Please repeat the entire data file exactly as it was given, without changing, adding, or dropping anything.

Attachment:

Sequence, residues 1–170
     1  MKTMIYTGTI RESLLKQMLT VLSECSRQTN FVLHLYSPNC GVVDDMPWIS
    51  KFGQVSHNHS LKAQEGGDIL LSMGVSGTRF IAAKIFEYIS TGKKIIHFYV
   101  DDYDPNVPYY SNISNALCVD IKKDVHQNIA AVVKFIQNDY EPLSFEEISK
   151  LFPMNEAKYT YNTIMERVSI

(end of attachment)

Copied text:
Sequence, residues 1–170
     1  MKTMIYTGTI RESLLKQMLT VLSECSRQTN FVLHLYSPNC GVVDDMPWIS
    51  KFGQVSHNHS LKAQEGGDIL LSMGVSGTRF IAAKIFEYIS TGKKIIHFYV
   101  DDYDPNVPYY SNISNALCVD IKKDVHQNIA AVVKFIQNDY EPLSFEEISK
   151  LFPMNEAKYT YNTIMERVSI